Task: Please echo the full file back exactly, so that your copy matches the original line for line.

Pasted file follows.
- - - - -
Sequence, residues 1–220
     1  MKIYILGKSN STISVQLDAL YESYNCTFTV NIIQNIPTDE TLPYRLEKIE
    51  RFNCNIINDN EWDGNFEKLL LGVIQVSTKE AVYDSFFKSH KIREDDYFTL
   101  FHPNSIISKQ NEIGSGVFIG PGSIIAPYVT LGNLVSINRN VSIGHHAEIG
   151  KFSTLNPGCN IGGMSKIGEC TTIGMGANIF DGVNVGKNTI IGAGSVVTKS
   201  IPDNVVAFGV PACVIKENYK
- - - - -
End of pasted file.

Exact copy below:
Sequence, residues 1–220
     1  MKIYILGKSN STISVQLDAL YESYNCTFTV NIIQNIPTDE TLPYRLEKIE
    51  RFNCNIINDN EWDGNFEKLL LGVIQVSTKE AVYDSFFKSH KIREDDYFTL
   101  FHPNSIISKQ NEIGSGVFIG PGSIIAPYVT LGNLVSINRN VSIGHHAEIG
   151  KFSTLNPGCN IGGMSKIGEC TTIGMGANIF DGVNVGKNTI IGAGSVVTKS
   201  IPDNVVAFGV PACVIKENYK